Car­tels had al­leged reach into Mex­ico’s top ranks

U.S. in­dict­ments strike at core of part­ner­ship in drug wars

The Washington Post Sunday - - THE WORLD - BY KEVIN SIEFF kevin.sieff@wash­post.com

MEX­ICO CITY — For years, the United States called on a cadre of se­nior Mex­i­can of­fi­cials as its part­ners in the drug war. But some of the men work­ing most closely with Wash­ing­ton al­legedly had a side hus­tle of help­ing to traf­fic drugs.

In the past 10 months, two mem­bers of Mex­ico’s elite se­cu­rity es­tab­lish­ment have been in­dicted on a charge of drug traf­fick­ing — rais­ing pro­found ques­tions about the reach of or­ga­nized crime in Mex­ico and the chal­lenges fac­ing one of the top U.S. for­eign pol­icy pri­or­i­ties in Latin Amer­ica.

In De­cem­ber, Mex­ico’s for­mer chief of pub­lic se­cu­rity, Ge­naro Gar­cia Luna, was ar­rested in Texas for al­legedly ac­cept­ing bribes from the pow­er­ful Si­naloa car­tel while he was in of­fice from 2006 to 2012, in ex­change for the safe pas­sage of drugs. Then on Thurs­day, for­mer de­fense sec­re­tary Gen. Sal­vador Cien­fue­gos Zepeda was ar­rested in Los An­ge­les. Prose­cu­tors ac­cuse Cien­fue­gos, who was de­fense sec­re­tary from 2012 to 2018, of us­ing his po­si­tion to as­sist the H-2 car­tel to ex­pand its ter­ri­to­rial con­trol, ac­cord­ing to thou­sands of in­ter­cepted mes­sages.

Since the two men worked for dif­fer­ent Mex­i­can ad­min­is­tra­tions and are be­ing ac­cused of aid­ing dif­fer­ent drug car­tels, it’s im­pos­si­ble to dis­miss a pos­si­ble nexus between the Mex­i­can gov­ern­ment and or­ga­nized crime as a short-lived prob­lem linked to a sin­gle pres­i­dent or a sin­gle drug gang.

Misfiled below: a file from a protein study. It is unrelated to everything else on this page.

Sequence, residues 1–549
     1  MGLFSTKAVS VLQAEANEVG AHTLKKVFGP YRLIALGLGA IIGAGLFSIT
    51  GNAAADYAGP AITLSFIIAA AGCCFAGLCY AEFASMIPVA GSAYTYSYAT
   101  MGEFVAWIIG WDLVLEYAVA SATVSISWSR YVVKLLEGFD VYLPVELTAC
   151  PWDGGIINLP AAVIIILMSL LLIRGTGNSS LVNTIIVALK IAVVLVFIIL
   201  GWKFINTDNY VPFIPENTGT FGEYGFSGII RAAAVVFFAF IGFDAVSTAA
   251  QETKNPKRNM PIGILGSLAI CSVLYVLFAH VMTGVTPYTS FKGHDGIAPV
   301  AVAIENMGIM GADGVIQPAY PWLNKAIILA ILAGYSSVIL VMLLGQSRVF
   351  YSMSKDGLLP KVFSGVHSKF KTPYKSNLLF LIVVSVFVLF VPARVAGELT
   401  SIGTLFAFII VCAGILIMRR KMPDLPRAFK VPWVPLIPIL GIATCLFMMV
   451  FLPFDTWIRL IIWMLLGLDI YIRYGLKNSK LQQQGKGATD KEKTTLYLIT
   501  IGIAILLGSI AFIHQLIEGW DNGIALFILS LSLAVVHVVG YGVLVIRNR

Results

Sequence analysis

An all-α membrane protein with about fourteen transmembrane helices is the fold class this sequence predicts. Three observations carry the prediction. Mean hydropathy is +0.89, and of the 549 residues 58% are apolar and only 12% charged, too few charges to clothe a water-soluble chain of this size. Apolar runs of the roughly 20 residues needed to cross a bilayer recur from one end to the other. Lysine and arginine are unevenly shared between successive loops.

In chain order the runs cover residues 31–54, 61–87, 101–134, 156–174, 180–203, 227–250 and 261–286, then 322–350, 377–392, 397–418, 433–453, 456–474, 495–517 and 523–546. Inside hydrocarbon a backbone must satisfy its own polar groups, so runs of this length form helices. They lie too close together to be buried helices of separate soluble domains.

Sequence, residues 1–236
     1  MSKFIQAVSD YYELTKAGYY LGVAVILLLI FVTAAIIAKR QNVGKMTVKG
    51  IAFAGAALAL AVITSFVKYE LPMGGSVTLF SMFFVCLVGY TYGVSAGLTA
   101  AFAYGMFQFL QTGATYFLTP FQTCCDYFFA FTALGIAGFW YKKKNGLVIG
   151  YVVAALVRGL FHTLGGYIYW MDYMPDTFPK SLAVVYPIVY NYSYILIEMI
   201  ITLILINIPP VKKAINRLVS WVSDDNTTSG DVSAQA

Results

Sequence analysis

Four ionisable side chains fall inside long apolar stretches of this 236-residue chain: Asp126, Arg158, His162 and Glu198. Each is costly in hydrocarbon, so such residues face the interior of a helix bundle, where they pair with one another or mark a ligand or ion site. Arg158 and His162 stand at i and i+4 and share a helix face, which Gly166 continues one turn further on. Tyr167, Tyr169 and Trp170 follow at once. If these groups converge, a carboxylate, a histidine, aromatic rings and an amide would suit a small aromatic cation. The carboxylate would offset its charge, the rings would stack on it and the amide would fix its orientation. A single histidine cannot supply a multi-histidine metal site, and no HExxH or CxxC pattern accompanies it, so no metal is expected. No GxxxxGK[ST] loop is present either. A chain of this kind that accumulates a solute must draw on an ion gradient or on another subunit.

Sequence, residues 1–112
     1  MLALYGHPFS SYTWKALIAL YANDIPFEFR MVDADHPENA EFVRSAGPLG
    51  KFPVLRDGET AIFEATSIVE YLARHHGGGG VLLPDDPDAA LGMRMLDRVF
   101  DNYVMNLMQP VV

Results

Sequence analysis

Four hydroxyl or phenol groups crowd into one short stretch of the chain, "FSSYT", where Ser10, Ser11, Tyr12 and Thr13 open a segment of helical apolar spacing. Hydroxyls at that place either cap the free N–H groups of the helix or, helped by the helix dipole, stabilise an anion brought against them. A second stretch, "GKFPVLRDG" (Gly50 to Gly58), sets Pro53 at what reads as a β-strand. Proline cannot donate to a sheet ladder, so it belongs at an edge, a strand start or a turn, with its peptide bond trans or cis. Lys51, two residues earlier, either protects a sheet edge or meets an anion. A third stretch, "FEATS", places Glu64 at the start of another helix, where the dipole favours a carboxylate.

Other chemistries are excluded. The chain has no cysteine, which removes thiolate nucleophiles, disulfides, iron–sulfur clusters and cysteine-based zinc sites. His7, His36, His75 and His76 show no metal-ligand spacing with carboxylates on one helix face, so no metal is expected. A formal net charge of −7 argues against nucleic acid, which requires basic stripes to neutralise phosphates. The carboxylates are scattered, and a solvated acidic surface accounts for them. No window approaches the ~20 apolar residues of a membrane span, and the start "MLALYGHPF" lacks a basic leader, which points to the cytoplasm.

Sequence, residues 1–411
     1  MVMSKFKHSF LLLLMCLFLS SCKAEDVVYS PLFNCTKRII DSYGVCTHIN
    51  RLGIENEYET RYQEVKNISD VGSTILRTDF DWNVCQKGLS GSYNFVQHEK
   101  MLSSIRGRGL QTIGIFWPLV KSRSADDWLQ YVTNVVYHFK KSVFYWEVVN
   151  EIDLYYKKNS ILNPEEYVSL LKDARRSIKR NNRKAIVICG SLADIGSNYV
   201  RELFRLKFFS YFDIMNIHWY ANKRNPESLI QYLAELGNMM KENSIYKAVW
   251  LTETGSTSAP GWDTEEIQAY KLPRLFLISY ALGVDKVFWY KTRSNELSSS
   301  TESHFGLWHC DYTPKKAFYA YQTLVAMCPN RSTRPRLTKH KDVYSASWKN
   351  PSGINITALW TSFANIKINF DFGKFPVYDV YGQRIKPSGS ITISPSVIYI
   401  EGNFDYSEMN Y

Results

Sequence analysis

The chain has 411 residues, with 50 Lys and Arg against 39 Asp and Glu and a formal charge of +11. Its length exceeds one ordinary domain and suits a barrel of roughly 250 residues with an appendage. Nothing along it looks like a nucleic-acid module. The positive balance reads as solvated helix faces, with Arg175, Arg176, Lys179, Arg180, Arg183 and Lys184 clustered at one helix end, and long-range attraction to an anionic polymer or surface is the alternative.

In­stead, taken to­gether, prose­cu­tors are likely to of­fer an un­prece­dented win­dow into sus­pected in­sti­tu­tional rot at high lev­els of Mex­ico’s se­cu­rity es­tab­lish­ment.

Both tri­als will take place in U.S. fed­eral courts over the com­ing months. For now, it is un­clear how long the United States has known about the al­leged crim­i­nal ties of the two for­mer of­fi­cials, both of them once Amer­i­can in­ter­locu­tors.

Gar­cia Luna has de­nied the charges. Cien­fue­gos has not made a pub­lic com­ment since the ar­rest. Both are be­ing held with­out bail.

Com­pli­cated part­ner­ship

The United States has long re­lied on Mex­ico’s co­op­er­a­tion in stem­ming the flow of drugs to the bor­der. But, at the same time, U.S. of­fi­cials have com­plained about the sys­temic cor­rup­tion that stymied that part­ner­ship.

For decades, it was mostly lowlevel Mex­i­can of­fi­cials who were charged with hav­ing links to drug car­tels, even though U.S. of­fi­cials sus­pected the prob­lem ex­isted at the top, too. Since 2008, the United States has spent $1.6 bil­lion in equip­ment and train­ing for Mex­i­can se­cu­rity per­son­nel.

“You never knew who you can trust there,” said Carl Pike, a re­tired agent with the Drug En­force­ment Ad­min­is­tra­tion’s spe­cial op­er­a­tions di­vi­sion who spent sig­nif­i­cant time in Mex­ico. “We al­ways had the mind-set that when we shared in­for­ma­tion, we just as­sumed it was go­ing to be com­pro­mised.”

Lo­cal po­lice, for ex­am­ple, were known to work in­for­mally with the car­tels op­er­at­ing in their swath of the coun­try.

But at the high­est lev­els of Mex­i­can gov­ern­ment, men like Gar­cia Luna and Cien­fue­gos were con­sid­ered by many to be above the fray — part of an or­bit of gov­ern­ment of­fi­cials and se­cu­rity ex­perts who moved freely between Mex­ico and Wash­ing­ton, opin­ing on how to stop the flow of drugs. In 2012, af­ter leav­ing gov­ern­ment, Gar­cia Luna gave a lec­ture at the Wil­son Cen­ter based on his book, “The New Pub­lic Se­cu­rity Model for Mex­ico.”